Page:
The aim of the study was to describe the pregnancy outcome of a large cohort of women with toxoplasmosis seroconversion in pregnancy and to investigate the relation between maternal lymphadenopathy and risk of congenital toxoplasmosis (CT). This was a retrospective study involving women with confirmed toxoplasmosis seroconversion in pregnancy between 2001 and 2017. Women were clinically evaluated for lymphadenopathy and classified as follows: lymphadenopathy absent (L-) or lymphadenopathy present (L+). The mothers were treated and followed-up according to local protocol, and neonates were monitored at least for 1 year in order to diagnose CT. A total of 218 women (one twin pregnancy) were included in the analysis. Pregnancy outcome was as follows: 149 (68%) of children not infected, 62 (28.3%) infected, 4 (1.8%) first trimester termination of pregnancy, 2 (0.9%) first trimester miscarriages, and 3 (1.4%) stillbirths (of which one already counted in the infected cohort). 13.8% of women were L+ , and they were nearly three times more likely to have a child with CT compared to L- women (aOR, 2.90; 95%CI, 1.28–6.58). Moreover, the result was still statistically significant when the analysis was restricted to 81 children whose mothers were clinically examined and received treatment within 5 weeks from estimated time of infection. In conclusion, there is a positive association between L+ status in pregnant women, and risk of CT also confirmed when restricting the analysis to women with early diagnosis of seroconversion and treatment. This data could be very useful in counselling pregnant women with toxoplasmosis seroconversion and lead to direct a more specific therapeutic and diagnostic protocol.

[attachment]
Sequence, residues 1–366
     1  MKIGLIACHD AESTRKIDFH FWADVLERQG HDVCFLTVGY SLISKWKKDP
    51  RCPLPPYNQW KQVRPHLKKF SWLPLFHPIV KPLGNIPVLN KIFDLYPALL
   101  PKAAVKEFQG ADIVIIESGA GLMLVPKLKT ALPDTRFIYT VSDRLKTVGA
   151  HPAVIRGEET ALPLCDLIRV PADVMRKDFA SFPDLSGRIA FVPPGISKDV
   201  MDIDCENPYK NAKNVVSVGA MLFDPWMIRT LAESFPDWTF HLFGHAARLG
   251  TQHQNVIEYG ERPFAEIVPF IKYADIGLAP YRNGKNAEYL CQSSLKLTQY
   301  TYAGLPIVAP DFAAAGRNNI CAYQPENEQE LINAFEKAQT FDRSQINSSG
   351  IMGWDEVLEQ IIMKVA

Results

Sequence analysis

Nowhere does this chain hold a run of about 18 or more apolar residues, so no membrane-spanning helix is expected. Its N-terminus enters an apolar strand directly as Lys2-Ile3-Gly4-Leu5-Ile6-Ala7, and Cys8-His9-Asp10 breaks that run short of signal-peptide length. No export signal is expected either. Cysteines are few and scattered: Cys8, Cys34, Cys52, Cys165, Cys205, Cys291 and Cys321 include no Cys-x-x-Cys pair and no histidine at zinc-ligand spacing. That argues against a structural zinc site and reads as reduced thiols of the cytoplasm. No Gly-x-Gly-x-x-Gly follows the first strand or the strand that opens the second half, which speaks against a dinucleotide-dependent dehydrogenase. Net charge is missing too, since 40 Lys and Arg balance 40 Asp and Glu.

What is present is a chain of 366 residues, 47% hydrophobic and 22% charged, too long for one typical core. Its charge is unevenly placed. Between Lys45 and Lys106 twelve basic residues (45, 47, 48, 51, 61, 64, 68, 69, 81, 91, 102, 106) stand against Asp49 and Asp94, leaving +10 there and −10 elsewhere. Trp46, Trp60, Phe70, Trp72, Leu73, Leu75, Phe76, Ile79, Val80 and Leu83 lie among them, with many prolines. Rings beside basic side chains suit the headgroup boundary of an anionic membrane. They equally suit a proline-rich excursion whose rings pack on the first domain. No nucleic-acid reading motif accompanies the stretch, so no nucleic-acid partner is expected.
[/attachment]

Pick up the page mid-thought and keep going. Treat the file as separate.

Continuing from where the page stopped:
Association between lymphadenopathy after toxoplasmosis seroconversion in pregnancy and risk of congenital infection

Donadono V.;Saccone G.;Sarno L.;Mazzarelli L. L.;Sirico A.;Guida M.;Martinelli P.;Zullo F.;Maruotti G. M.
2021

Abstract

The aim of the study was to describe the pregnancy outcome of a large cohort of women with toxoplasmosis seroconversion in pregnancy and to investigate the relation between maternal lymphadenopathy and risk of congenital toxoplasmosis (CT). This was a retrospective study involving women with confirmed toxoplasmosis seroconversion in pregnancy between 2001 and 2017. Women were clinically evaluated for lymphadenopathy and classified as follows: lymphadenopathy absent (L-) or lymphadenopathy present (L+). The mothers were treated and followed-up according to local protocol, and neonates were monitored at least for 1 year in order to diagnose CT. A total of 218 women (one twin pregnancy) were included in the analysis. Pregnancy outcome was as follows: 149 (68%) of children not infected, 62 (28.3%) infected, 4 (1.8%) first trimester termination of pregnancy, 2 (0.9%) first trimester miscarriages, and 3 (1.4%) stillbirths (of which one already counted in the infected cohort). 13.8% of women were L+ , and they were nearly three times more likely to have a child with CT compared to L- women (aOR, 2.90; 95%CI, 1.28–6.58). Moreover, the result was still statistically significant when the analysis was restricted to 81 children whose mothers were clinically examined and received treatment within 5 weeks from estimated time of infection. In conclusion, there is a positive association between L+ status in pregnant women, and risk of CT also confirmed when restricting the analysis to women with early diagnosis of seroconversion and treatment. This data could be very useful in counselling pregnant women with toxoplasmosis seroconversion and lead to direct a more specific therapeutic and diagnostic protocol.
File in questo prodotto:
Non ci sono file associati a questo prodotto.

I documenti in IRIS sono protetti da copyright e tutti i diritti sono riservati, salvo diversa indicazione.

Utilizza questo identificativo per citare o creare un link a questo documento: https://hdl.handle.net/11588/857093
Citazioni
  • ???jsp.display-item.citation.pmc??? ND
  • Scopus 1
  • ???jsp.display-item.citation.isi??? 1
social impact